Henderson Value trust's managers have pledged to avoid 'face-saving' sales and concentrate on realising the longer-term potential of stocks to turn the fortunes of the fund around.
The company’s board appointed Henderson's Ian Barrass and Paul Craig to run the portfolio in March 2013, taking over from SVM which had managed the trust for two decades.
The managers are aiming to boost the fund’s performance through building up a core portfolio of high quality holdings, as well as exploring lesser known markets.
The trust’s chairman Shane Ross stressed the managers need time to perform: “While the company is still underperforming its peers, we have discouraged the new managers from feeling pressurised into making short-term decisions in pursuit of ephemeral performance gains.
"We recognise that a significant number of the underperforming stocks which remain from the previous portfolio are illiquid or unquoted. We do not wish to encourage face-saving sales ahead of the continuation vote, but to ensure that any latent value in these holdings is realised to the benefit of shareholders.”
In their statement, the managers outlined a measured approach to portfolio change: “What this means in practice is taking care in both the selection and timing of disposals, retaining good quality holdings in the inherited portfolio, and ensuring that new investments are of sufficient quality and value to provide attractive returns over a reasonable timeframe.”
As a result, the benefits of the change may not emerge in full until after 2014, they said.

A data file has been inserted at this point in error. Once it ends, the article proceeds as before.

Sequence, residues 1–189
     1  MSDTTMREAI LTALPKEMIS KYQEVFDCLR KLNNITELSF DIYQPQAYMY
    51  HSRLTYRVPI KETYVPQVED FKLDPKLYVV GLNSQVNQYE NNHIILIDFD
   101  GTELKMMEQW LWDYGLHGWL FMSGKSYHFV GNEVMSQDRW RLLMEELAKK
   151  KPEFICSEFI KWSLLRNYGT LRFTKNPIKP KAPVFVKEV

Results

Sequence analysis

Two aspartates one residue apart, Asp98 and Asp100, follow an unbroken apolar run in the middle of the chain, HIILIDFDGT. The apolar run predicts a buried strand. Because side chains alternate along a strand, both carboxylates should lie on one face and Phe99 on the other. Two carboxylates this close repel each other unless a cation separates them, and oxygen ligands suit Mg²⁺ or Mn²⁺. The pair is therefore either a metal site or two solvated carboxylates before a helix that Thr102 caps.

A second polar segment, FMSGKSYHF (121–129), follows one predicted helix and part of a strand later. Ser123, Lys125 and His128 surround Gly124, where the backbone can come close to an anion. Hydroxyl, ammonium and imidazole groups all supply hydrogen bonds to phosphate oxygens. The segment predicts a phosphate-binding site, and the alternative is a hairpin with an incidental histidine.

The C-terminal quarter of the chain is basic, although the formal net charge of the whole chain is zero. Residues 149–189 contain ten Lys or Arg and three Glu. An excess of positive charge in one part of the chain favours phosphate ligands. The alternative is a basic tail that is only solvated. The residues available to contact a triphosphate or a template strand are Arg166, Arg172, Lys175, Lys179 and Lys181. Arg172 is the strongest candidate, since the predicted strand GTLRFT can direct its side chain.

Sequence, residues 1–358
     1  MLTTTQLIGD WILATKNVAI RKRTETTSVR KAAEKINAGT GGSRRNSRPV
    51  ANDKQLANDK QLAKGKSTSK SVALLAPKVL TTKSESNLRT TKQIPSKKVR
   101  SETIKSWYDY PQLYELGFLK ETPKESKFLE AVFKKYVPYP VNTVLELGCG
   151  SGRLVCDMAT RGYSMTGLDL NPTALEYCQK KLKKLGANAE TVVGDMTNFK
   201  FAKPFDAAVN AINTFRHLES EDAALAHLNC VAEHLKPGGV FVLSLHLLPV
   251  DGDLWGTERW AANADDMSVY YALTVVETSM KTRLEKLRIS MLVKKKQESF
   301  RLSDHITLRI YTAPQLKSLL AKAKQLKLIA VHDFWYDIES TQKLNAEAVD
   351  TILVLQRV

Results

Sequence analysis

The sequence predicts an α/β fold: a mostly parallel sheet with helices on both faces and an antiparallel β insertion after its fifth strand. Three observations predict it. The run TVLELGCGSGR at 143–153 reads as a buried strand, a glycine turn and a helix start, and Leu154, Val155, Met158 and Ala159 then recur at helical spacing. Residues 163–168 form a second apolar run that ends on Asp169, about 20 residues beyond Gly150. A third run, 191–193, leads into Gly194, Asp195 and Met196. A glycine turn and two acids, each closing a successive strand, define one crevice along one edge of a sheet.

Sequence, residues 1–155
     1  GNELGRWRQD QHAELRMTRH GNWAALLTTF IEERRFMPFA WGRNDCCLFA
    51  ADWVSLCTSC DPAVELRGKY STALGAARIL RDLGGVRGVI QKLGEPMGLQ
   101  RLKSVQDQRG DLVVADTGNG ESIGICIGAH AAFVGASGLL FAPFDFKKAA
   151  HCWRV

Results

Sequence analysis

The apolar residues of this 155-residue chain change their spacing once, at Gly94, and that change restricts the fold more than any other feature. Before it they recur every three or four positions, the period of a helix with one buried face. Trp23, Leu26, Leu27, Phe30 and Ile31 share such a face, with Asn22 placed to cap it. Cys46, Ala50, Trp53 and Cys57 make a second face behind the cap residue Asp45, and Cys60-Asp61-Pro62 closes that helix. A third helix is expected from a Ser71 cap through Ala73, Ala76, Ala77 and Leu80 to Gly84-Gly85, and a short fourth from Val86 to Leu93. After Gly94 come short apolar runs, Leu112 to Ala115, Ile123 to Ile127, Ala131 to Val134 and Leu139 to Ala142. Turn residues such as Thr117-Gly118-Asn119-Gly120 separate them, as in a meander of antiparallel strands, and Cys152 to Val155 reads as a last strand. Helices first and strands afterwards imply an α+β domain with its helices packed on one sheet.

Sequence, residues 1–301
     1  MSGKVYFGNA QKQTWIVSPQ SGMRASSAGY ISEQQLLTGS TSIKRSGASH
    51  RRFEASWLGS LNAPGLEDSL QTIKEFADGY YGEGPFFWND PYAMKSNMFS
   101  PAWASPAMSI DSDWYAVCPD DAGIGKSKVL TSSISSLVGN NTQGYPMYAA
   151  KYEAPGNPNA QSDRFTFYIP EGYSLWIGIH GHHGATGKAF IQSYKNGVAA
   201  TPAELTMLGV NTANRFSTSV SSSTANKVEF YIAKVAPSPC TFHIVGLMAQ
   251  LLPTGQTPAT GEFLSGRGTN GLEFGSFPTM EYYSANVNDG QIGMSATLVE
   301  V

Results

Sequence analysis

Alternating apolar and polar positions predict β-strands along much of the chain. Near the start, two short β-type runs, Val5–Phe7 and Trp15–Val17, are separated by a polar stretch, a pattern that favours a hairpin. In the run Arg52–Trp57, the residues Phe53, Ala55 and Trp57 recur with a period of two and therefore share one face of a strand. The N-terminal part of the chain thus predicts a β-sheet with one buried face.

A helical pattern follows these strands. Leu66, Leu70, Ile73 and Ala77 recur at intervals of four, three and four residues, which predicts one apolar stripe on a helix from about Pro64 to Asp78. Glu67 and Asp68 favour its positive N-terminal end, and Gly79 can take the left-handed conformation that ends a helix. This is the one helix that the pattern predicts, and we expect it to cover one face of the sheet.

The Henderson Value trust fell 11.6% over the three years to 10 January 2014, compared to a Global Growth average of 23.9%, according to FE.
In the year to 30 September 2013, the company’s net asset value per ordinary share increased by only 4.3%, compared to a 19% increase in the FTSE World index benchmark.
The managers said one reason for its underperformance last year was a relatively low allocation to outperforming markets including the US, Japan, and Europe, and greater exposure to markets such as Russia and Eastern Europe, which struggled in 2013. Positions in resources and commodities also hurt returns over the course of the year.
As of November 2013, just over a quarter of the fund was invested in European equities, 18.7% was in international equities and 15.3% in North American equities.
In September, the board introduced additional investment guidelines designed to support appropriate portfolio diversification. The gearing limit remains at 20% of net assets.
Under the tenure of SVM Asset Management, the trust was known as the SVM Global fund.